Academic journal article Journal of Leisure Research

Comment on "Ethnicity as a Variable in Leisure Research" by Li et al./Ethnicity as a Construct in Leisure Research: A Rejoinder to Gobster

Academic journal article Journal of Leisure Research

Comment on "Ethnicity as a Variable in Leisure Research" by Li et al./Ethnicity as a Construct in Leisure Research: A Rejoinder to Gobster

Article excerpt

Paul H. Gobster

USDA Forest Service

Northern Research Station


Li, Chick, Zinn, Absher, and Graefe present a provocative argument questioning the usefulness of ethnicity as a construct in leisure research. I think the paper makes some important points that should be added to the ongoing discussion about research on leisure and ethnicity. Yet I also found much to disagree with in the paper, and I suspect others who have done work in the field will as well. I particularly question the researchers' main measure of cultural values as appropriate to understanding racial and ethnic variations in outdoor leisure patterns and preferences, as well as the conclusions they draw from their findings. In this commentary I outline what I see as the strengths and weaknesses of their paper, and suggest some directions for future research on leisure and ethnicity.

The authors' central thesis is that the concept of ethnicity as it is typically used in leisure research is "fundamentally flawed" and that as a measure of cultural values fails to differentiate between groups identified and labeled white, Hispanic, and Asian. They then go on to test for these differences with an on-site purposive sample of recreationists at selected Southern California forest sites using Hofstede's (1980) four dimensions of cultural value and Handwerker's (2001) procedures for determining cultural consensus. They find little evidence of consensus among individuals within the three main ethnic divisions they tested, even when these groups are further subdivided by age, gender, and generation in the U.S. They conclude that the assumption of cultural homogeneity in ethnic groups underlying some leisure research is erroneous and that further use of race/ethnicity as a variable in studies "will perpetuate research of questionable validity" unless within-group homogeneity can be empirically demonstrated.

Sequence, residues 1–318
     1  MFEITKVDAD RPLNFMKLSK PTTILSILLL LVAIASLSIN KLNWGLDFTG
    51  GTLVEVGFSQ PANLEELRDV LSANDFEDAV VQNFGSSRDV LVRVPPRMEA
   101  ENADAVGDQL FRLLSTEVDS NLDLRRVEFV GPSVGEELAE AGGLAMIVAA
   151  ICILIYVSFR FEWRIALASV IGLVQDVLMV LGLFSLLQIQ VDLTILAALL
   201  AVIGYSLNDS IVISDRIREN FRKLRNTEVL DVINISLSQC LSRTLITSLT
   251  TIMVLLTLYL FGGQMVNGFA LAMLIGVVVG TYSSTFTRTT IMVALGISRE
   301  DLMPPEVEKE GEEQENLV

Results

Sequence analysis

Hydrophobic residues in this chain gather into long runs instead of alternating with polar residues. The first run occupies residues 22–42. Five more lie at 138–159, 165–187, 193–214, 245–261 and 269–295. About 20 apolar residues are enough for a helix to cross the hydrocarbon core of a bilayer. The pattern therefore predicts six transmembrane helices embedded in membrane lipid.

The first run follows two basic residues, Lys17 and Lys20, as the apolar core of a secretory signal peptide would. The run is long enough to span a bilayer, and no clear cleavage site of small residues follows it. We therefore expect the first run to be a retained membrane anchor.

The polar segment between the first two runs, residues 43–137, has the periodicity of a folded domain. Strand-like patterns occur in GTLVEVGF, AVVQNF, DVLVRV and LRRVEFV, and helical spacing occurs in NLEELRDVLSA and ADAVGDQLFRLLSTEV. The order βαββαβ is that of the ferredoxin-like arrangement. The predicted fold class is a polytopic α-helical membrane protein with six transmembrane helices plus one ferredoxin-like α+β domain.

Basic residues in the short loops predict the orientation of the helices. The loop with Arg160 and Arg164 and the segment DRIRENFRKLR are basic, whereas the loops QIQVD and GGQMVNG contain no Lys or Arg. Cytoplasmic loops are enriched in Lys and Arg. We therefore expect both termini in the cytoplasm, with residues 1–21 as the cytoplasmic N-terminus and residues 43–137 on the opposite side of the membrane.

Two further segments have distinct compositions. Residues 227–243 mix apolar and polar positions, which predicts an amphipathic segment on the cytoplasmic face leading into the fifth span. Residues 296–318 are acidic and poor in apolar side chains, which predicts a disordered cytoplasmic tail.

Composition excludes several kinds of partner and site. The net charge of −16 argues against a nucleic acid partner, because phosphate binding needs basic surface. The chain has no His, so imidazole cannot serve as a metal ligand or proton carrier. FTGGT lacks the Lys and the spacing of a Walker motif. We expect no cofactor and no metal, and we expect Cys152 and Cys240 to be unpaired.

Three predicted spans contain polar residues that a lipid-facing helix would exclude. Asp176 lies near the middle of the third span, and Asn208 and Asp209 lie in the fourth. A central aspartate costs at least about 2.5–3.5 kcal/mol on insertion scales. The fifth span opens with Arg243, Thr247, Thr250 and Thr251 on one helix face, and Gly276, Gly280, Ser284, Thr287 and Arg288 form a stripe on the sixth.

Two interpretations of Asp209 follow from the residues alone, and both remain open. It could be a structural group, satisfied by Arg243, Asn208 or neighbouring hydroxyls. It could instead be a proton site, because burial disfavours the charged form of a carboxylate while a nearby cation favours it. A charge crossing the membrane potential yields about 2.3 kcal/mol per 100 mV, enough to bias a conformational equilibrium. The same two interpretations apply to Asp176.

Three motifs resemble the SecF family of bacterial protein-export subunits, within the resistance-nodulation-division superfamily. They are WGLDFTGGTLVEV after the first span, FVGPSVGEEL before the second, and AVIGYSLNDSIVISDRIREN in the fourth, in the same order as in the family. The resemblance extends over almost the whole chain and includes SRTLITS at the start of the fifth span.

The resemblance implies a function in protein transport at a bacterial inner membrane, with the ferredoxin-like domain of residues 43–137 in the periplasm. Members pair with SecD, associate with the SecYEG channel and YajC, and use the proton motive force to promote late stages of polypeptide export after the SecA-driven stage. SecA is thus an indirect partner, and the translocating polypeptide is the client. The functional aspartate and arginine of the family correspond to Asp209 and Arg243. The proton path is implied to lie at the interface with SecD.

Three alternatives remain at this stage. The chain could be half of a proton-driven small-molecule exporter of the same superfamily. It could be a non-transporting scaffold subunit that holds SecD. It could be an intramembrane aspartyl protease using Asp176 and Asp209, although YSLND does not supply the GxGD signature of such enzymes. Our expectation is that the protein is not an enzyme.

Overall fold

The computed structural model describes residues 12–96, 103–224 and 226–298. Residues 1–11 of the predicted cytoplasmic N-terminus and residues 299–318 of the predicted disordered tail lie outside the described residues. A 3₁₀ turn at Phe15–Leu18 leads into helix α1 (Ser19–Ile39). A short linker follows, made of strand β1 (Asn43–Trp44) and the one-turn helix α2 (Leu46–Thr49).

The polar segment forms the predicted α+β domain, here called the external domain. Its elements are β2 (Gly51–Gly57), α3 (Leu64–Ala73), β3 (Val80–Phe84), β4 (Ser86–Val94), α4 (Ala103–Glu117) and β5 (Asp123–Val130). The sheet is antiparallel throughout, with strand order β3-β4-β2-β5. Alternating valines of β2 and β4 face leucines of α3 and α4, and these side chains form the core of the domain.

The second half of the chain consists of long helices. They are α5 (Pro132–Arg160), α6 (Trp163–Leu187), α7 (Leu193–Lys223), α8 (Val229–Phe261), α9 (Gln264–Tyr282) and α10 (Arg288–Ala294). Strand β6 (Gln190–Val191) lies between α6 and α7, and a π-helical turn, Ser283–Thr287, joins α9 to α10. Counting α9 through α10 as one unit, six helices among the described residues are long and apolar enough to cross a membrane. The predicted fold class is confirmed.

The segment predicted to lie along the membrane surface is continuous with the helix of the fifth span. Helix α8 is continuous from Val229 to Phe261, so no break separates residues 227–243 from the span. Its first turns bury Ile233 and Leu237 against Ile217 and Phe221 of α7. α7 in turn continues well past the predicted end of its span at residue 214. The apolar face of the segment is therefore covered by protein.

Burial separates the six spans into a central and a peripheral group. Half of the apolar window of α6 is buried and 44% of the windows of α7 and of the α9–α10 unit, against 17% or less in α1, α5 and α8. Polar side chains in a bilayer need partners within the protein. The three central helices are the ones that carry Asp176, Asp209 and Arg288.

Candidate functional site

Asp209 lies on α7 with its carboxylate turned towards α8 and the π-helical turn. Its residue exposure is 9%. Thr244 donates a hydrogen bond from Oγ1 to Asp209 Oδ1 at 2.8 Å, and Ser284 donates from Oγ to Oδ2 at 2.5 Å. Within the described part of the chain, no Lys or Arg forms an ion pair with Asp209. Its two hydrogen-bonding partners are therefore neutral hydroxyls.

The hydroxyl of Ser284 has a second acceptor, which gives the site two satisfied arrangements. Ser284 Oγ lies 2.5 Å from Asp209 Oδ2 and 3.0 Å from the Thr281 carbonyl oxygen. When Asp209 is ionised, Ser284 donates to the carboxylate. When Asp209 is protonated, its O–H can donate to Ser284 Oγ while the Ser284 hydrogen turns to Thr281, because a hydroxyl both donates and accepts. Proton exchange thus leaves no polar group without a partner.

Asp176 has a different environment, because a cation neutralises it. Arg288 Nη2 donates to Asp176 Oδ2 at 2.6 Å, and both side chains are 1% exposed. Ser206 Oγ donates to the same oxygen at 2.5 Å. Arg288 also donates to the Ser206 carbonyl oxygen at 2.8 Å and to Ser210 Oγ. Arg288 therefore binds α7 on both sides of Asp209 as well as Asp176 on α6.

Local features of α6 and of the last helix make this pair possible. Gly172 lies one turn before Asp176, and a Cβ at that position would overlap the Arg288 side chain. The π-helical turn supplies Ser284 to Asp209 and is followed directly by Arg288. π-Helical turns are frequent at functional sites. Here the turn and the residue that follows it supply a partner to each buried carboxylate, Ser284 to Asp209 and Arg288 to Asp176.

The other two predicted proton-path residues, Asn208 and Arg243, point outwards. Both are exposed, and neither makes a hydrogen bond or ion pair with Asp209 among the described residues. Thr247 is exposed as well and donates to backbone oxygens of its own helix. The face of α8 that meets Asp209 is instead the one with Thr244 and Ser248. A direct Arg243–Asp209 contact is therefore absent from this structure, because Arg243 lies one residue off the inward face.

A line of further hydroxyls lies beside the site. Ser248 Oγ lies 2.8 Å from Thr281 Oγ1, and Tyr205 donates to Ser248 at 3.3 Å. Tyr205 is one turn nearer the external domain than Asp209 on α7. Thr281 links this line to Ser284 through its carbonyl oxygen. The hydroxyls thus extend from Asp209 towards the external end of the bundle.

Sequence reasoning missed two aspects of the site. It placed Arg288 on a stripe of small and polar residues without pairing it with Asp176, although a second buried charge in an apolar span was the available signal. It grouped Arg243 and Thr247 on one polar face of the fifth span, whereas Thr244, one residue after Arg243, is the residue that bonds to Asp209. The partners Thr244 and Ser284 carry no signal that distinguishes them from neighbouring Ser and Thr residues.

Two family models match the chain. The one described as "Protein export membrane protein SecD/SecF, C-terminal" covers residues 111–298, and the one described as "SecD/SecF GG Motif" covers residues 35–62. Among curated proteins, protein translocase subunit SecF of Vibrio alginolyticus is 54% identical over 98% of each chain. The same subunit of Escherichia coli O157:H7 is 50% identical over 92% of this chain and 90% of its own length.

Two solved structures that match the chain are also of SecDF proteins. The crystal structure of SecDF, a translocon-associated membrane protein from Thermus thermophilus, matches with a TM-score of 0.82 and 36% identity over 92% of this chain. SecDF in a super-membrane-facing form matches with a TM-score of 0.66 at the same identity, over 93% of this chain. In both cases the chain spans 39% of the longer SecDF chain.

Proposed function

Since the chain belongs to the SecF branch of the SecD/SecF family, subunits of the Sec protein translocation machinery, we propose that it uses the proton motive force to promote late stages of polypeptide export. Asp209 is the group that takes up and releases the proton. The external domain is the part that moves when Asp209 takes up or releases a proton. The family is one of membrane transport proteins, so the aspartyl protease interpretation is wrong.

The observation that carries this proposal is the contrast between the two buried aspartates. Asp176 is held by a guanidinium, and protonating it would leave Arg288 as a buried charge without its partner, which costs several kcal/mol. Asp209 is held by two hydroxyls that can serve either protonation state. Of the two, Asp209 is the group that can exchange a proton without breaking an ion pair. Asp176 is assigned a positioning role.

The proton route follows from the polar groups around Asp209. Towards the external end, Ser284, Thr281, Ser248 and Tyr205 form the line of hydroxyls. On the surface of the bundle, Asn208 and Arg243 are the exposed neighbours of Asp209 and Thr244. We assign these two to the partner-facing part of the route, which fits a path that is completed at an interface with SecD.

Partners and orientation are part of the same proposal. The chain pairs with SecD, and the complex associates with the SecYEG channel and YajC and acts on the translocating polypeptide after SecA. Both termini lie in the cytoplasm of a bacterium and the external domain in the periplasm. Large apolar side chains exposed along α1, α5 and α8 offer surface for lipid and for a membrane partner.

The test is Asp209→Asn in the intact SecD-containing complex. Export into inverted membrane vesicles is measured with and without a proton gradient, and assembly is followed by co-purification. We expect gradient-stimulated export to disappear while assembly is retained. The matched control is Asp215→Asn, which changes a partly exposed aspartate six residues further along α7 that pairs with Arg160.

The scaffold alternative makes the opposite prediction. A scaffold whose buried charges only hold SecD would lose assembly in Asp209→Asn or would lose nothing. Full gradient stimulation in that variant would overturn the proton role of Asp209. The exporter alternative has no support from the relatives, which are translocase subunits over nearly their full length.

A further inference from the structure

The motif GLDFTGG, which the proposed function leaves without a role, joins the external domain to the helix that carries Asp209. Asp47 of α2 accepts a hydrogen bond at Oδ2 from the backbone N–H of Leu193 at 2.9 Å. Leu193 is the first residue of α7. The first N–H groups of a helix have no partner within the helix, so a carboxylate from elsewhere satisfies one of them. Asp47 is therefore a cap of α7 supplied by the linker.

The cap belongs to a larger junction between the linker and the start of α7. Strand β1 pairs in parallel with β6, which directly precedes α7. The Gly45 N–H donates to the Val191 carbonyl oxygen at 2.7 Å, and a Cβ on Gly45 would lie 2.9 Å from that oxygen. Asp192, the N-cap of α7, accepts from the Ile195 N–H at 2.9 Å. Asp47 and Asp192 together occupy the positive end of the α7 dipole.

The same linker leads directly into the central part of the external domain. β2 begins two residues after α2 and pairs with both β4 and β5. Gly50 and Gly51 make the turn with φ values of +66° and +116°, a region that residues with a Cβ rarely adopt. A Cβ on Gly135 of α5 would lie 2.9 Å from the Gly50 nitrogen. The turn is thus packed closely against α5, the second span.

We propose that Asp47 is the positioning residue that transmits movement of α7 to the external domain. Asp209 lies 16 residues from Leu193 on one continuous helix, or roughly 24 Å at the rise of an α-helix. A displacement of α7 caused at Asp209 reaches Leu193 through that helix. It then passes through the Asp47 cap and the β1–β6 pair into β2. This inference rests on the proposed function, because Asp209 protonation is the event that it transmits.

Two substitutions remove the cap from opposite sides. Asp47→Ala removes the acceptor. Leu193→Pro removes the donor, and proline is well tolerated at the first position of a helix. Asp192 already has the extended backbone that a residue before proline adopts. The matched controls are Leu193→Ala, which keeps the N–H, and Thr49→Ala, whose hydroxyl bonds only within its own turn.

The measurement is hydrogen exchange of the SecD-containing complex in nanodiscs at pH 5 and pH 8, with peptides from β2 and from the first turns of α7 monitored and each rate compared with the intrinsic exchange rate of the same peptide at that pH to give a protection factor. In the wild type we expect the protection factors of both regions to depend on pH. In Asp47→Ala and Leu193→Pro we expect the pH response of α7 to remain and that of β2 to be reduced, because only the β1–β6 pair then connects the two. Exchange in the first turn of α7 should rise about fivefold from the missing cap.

Ethnicity as a Variable

I agree that racial and ethnic variables as measured by leisure researchers are imperfect if not deeply flawed as ways for understanding variations in people's leisure, especially when individuals with nationalities such as Vietnamese, Pakistani, and Filipino are lumped together to form a larger "ethnic group" such as Asian. The authors rightly note that the differences found between ethnic groups often tend to be small, unstable across studies, and subject to statistical "type" errors. I further agree that such differences are often highlighted over the substantial commonalities that also occur, and that within-group differences often exist and in some cases exceed between-group differences.

But I also think there are some good reasons why leisure researchers should continue to measure race and ethnicity, even if they have to resort to a broad-brush approach. The first reason is one of equal justice. From time immemorial, individuals have been discriminated against because of their differences from the dominant culture. Outward appearance of racial differences such as skin color has been a primary symbol and identifier, but ethnicity as manifested by nationality, language, religion, and other factors has also played an important role. In the U.S., the first English settlers displaced and often killed American Indians for their land and enslaved Africans to labor on their plantations, and substantial rights and privileges were also denied to subsequent waves of Caucasian immigrant groups such as Germans, Irish, Italians, Jews, and Catholics. Denial of equal access to recreation settings such as private movie theaters and golf courses and public parks and beaches is still within many adults' memories, and discrimination in these and other settings continues to be reported in newspapers and in studies by leisure researchers (e.g., Brune, 1978; Philipp, 1998; Stodolska, 2005; West, 1989). So even if no differences in cultural values are found between individuals as measured by scales of race and ethnicity, it is something that we should continue to monitor to ensure that equal justice is maintained and enhanced in recreation settings. …

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